December 14, 2017
Tuesday, October 21, 2014

North Korea unexpectedly frees US citizen Jeffrey Fowle

North Korea has freed Jeffrey Fowle, one of three United States citizens detained by the country, and he is being flown home to his family in Ohio, the White house said today.

Spokesman Josh Earnest said the United States welcomed the move, but pressed Pyongyang to free the two remaining individuals.

"While this is a positive decision ... we remain focused on the continued detention of Kenneth Bae and Matthew Miller and again call on the DPRK to immediately release them," Earnest said, referring to the country's official name of Democratic People's Republic of Korea.

The United States will continue to work actively on those cases, he added.

Fowle, 56, a street repair worker from Miamisburg, Ohio, was arrested in May for leaving a Bible at a sailor's club in the North Korean city of Chongjin, where he was traveling as a tourist. The communist state is particularly sensitive to religious proselytizing.

Miller was arrested in April for a separate incident. The longest to be held by North Korea is Bae, a Korean-American missionary arrested in November 2012 and sentenced to 15 years hard labor.

North Korea made it a condition of Fowle's release that the US government transport him out of the country and set a time for him to be picked up, US officials said.

"In this time frame the Department of Defense was able to offer a plane," State Department spokeswoman Marie Harf told reporters when asked if a military aircraft was used.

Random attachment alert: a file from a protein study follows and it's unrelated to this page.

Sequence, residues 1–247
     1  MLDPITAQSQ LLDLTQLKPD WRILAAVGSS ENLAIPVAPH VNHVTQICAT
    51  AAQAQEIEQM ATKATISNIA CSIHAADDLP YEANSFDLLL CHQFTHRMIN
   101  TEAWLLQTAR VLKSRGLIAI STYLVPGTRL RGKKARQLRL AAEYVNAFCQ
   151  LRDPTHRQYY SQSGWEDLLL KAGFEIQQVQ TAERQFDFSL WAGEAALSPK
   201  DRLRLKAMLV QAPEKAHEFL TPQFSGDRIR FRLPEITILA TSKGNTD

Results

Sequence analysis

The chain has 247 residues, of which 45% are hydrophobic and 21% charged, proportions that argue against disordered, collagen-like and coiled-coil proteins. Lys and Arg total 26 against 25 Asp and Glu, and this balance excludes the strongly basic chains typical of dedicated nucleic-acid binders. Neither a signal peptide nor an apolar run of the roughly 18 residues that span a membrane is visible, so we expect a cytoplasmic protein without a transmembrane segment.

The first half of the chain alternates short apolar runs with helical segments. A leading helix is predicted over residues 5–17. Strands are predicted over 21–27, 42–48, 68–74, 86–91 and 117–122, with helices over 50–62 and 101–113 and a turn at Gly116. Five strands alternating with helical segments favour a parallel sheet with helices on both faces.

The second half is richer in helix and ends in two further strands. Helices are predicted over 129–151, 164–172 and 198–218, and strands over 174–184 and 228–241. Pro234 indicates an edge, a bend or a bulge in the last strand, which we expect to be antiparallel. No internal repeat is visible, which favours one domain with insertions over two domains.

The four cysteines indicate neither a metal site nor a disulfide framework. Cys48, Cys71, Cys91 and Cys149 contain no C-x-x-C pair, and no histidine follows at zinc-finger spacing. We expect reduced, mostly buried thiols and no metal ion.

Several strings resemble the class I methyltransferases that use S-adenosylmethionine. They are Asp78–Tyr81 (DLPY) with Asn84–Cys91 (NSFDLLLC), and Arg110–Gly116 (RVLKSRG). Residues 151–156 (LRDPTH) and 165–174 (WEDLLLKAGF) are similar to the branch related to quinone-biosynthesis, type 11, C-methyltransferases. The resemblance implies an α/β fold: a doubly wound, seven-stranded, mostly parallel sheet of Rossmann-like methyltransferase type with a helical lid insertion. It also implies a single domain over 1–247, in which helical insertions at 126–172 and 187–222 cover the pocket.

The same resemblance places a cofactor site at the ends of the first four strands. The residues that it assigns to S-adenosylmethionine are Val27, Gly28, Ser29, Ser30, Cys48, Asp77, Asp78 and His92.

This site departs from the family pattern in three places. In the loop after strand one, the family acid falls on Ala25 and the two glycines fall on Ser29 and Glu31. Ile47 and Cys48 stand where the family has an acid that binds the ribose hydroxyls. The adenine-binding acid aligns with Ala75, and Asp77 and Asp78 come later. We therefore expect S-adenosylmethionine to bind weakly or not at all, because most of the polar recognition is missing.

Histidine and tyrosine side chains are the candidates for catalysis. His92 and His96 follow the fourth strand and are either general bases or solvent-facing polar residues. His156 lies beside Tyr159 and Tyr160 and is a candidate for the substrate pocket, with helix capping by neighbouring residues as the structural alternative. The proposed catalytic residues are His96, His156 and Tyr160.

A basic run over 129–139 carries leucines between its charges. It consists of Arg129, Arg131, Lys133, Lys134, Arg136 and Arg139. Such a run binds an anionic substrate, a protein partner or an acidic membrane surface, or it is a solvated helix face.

Passengers on another flight at Pyongyang airport reported seeing a blue and white US military passenger jet, a stars-and-stripes emblem on its tail, parked on the tarmac on Tuesday afternoon, a source in Pyongyang told Reuters.

It was not immediately clear why reclusive North Korea decided to free Fowle. Washington has long insisted that the release of the prisoners should be unconditional and not linked to talks on North Korea's disputed nuclear program.

Victor Cha, a senior adviser at the Center for Strategic and International Studies in Washington, said the release was a surprise and might signal a warming diplomatic trend.

"It is a surprising decision by the North Koreans, given their very inflexible stance over the past several months," Cha said.

"In North Korean eyes, Jeffrey Fowle's offenses may have been seen as the least severe (of the three US prisoners) and therefore excusable."

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Tags:  North Korea  Fowle  freed  US  Ohio  

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